If you love nature, and would like to know why, you’ll benefit from these four discussions about American Animism.
We’ll explore the primary textual sources, and discover the basic concepts of, animism—the belief inherent in all religions that God is alive, in (and sometimes as) nature. My goal is to equip you with a historically-grounded understanding of what modern Western animism is, as nourishment for the growth of your own environmental philosophy.
When you sign up, you’ll receive readings and discussion questions. We meet on Sunday Sept. 25, Oct. 9, Oct. 16, & Oct. 23 from 3-5 pm at Grey Matter Books in Hadley.
#1) Animism in ancient Greece and Judea
This discussion focuses on myths that become the foundation for modern Western Animism. We investigate the Greek figures of the autochthon and genius loci, the Orphic Creation myth and the story of Persephone. Then, we investigate the Judaic stories of Adam and Eve, and of Moses.
#2) Animism in the English Enlightenment
This discussion focuses on how the “natural law” animism of Plato and Epicurus inspired John Locke and Isaac Newton. Locke’s theory of consciousness and Newton’s physics became the foundation for modern Western Animism—and politics, science and psychology. You’ll be amazed when you realize how much of your love of nature derives from these sources.
#3) The Animism of Jonathan Edwards
This discussion focuses on Northampton’s Jonathan Edwards, whose assertion that God is alive in nature begot evangelical Christianity and Transcendentalism. We’ll investigate selections from his sermons and his journal writings—and revel in the fact that his most interesting ideas were developed right here in the Nonotuck biome.
#4) American Animism
This discussion ties together our previous discussions, by focusing on the animism of Thomas Jefferson, who told John Adams:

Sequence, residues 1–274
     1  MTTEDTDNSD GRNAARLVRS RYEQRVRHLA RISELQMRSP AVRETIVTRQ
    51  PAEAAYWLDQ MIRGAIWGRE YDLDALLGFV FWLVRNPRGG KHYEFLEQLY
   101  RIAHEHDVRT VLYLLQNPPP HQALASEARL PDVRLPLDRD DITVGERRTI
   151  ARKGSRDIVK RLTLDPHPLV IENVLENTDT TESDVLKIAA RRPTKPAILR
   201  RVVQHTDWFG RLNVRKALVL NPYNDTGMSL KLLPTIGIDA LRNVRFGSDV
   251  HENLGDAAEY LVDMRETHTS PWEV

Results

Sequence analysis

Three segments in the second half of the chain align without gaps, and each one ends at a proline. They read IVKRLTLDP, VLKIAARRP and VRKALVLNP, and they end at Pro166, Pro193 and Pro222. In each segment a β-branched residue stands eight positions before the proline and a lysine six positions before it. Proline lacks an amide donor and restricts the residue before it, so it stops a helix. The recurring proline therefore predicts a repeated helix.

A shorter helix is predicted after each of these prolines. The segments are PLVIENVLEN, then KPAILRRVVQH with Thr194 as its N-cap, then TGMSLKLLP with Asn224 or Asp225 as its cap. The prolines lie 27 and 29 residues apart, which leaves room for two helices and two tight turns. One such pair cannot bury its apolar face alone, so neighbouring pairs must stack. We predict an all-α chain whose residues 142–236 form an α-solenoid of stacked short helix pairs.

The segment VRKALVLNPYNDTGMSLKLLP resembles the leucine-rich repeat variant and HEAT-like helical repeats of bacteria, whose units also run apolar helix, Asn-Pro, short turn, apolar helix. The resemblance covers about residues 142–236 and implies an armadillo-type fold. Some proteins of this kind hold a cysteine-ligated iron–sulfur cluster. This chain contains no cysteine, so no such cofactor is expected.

To talk of immaterial existences, is to talk of nothings. To say that the human soul, angels, God, are immaterial, is to say, they are nothings, or that there is no God, no angels, no soul. … Jesus taught nothing of it. He told us, indeed, that ‘God is a spirit,’ but he has not defined what a spirit is, nor said that it is not matter. And the antient fathers generally, of the three first centuries, held it to be matter, light and thin, indeed, an etherial gas; but still matter.
Jefferson’s political theory, his Declaration of Independence, and his ghostwriting of the Bill of Rights, derive from his neo-classical and Newtonian animism. You’ll learn how his liberal concept of “equality” derived straight out of his definition of nature, and what meant when he said, “freedom is the gift of nature.”
His political influence is incalculable, and is matched by his influence in inspiring our love for nature in the area of aesthetics. In his description of the Natural Bridge of Virginia, he introduced American culture to the concept of the sublime:
The Natural Bridge, the most sublime of Nature’s works… must not be pretermitted. It is impossible for the emotions arising from the sublime, to be felt beyond what they are here: so beautiful an arch, so elevated, so light, and springing as it were up to heaven, the rapture of the spectator is really indescribable.
To hint at the extent of his influence, know that Melville used these words to describe the first appearance of Moby Dick:
“But soon the fore part of him slowly rose from the water; for an instant his whole marbleized body formed a high arch, like Virginia’s Natural Bridge, and warningly waving his bannered flukes in the air, the grand god revealed himself, sounded, and went out of sight.”
We’ll investigate key selections from Jefferson’s writing together—and you will be amazed and inspired to know that you are not alone in your love for nature—this love has been shared by “westerners” since the Bronze Age, and is the source of what we most admire about our culture.
Sunday Sept. 25, Oct. 9, Oct. 16, & Oct. 23 from 3-5 pm at Grey Matter Books in Hadley.
Cost: $50.00 for 4, $15.00 per
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